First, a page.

Telephone, Data Transfer and Internet… what is the similarity between them? They all started with being wired and graduated to being wireless. Remote controls were among the first instruments to go wireless and a person named Nikola Tesla had filed for a patent in the US in 1893 which described a remote control (Though one of the first remote controls was introduced by a company called ‘Zenith Radio Corporation in 1950 which became commercially available in 1956).
Man has continuously been in the endeavor to eliminate wires from its systems and ‘Wireless power transmission’ is definitely on the minds of researchers. Back in the late 1800’s, Tesla had imagined a world full of ‘Tesla’ coils and probably at that very time, the dream of wireless power transmission was first seen. Till now it has been a dream, but a lot of efforts have been made to achieve this dream. It is a separate story that till now, apart from advances in recharging electric toothbrushes, wireless power has not been able to make significant inroads into consumer-level products.
What is it all about?
Nikola Tesla had proposed transmission of high-potential, high-frequency alternating current through the earth with an atmospheric return circuit for transmission of power and signals. Tesla’s method relied on alternating current to be transmitted through atmospheric strata having a barometric pressure even greater than 130 millimeters of mercury. Tesla proposed to induce current flows by means of electrostatic induction through the lower atmosphere up to about two or three miles above the Earth’s surface. Tesla theorized that electrical energy can be transmitted through the earth and the atmosphere. In the course of his research he successfully lit lamps at moderate distances and was able to detect the transmitted energy at much greater distances.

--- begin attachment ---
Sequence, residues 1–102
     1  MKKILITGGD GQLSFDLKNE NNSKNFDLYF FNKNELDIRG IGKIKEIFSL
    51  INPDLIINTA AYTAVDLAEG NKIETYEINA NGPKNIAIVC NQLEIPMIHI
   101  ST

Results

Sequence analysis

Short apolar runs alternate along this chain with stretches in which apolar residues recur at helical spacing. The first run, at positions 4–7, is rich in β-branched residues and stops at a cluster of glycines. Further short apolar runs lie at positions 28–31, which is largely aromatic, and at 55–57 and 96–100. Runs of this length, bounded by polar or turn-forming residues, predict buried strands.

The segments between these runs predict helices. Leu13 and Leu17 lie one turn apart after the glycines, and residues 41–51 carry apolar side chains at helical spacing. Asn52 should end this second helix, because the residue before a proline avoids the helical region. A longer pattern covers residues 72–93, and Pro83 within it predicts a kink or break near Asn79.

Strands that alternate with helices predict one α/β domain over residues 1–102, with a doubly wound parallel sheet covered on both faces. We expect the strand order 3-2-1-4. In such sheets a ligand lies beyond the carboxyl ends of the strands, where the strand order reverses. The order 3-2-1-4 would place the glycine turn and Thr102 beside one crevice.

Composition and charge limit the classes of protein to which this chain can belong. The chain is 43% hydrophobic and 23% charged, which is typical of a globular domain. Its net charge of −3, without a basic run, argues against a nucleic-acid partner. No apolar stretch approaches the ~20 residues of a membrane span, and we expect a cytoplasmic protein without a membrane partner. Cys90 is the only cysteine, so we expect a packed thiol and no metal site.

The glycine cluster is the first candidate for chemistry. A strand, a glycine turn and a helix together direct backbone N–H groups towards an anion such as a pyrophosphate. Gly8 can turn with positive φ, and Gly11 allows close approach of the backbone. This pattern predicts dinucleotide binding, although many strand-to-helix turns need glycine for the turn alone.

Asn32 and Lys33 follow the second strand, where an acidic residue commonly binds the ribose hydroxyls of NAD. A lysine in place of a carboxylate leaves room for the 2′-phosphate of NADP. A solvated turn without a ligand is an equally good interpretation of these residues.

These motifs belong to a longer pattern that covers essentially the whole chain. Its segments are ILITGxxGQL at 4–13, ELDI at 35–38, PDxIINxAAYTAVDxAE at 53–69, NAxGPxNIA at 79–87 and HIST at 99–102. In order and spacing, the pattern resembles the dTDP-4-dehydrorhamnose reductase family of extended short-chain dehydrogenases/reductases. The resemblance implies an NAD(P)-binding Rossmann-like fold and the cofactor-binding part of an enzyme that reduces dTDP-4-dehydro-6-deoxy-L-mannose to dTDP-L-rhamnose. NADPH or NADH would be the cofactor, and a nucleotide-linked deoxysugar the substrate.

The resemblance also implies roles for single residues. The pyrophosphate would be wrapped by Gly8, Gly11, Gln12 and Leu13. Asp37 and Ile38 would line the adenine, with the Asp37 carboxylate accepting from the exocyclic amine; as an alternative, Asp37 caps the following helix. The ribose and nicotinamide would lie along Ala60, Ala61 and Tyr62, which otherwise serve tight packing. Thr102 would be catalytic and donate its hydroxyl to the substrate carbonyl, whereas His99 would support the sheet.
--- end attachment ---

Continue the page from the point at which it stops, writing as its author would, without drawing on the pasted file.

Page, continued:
All through these years, researchers have tried to comprehend the methods proposed then and constantly tried to innovate on their own. About four years back, researchers from Intel had demonstrated a method–based on MIT research–for throwing electricity a distance of a few feet, without wires and more importantly, without any danger to bystanders. Named as “wireless resonant energy link”, it works by sending a specific, 10-MHz signal through a coil of wire; a similar, nearby coil of wire resonates in tune with the frequency, causing electrons to flow through that coil too. Though the design is not exactly something to cheer about, it was able to light up a 60-watt bulb with 70 percent efficiency.
Can it become a reality?
A number of problems and obstacles still remain, to be able to achieve the more specific targets. One of them is that the above project uses alternating current. To charge gadgets, a direct-current version needs to be developed and the size of the apparatus needs to be considerably reduced (for practical usability). Numerous regulatory hurdles would likely have to be cleared in commercializing such a system, and it would have to be thoroughly checked and re-checked for safety concerns.
Even though prediction of time for a technology to develop at such early stages is not exactly possible as it could take much longer or much less time, still if we try to make an estimate and assume that efforts in this direction go reasonably well, such receiving circuitry could be integrated into the back of your laptop screen in roughly the next six to eight years. It would then be a simple matter for your local airport or even favorite coffee shop, to embed the companion power transmitters right into the walls of their buildings and you will be able get a quick charge without even opening up your laptop bag.
All the best.